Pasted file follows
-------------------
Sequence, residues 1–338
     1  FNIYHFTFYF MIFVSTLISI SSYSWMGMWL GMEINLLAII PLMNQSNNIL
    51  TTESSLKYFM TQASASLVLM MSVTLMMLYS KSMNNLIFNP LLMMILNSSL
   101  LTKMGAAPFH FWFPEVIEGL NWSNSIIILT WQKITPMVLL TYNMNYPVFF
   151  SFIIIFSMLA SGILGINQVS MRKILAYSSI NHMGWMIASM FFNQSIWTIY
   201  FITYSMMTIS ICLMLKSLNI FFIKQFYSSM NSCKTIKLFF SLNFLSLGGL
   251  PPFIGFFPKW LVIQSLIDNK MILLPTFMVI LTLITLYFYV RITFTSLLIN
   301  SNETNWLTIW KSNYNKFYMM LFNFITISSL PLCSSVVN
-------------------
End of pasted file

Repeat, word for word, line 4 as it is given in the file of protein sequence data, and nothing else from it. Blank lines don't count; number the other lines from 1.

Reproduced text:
   101  LTKMGAAPFH FWFPEVIEGL NWSNSIIILT WQKITPMVLL TYNMNYPVFF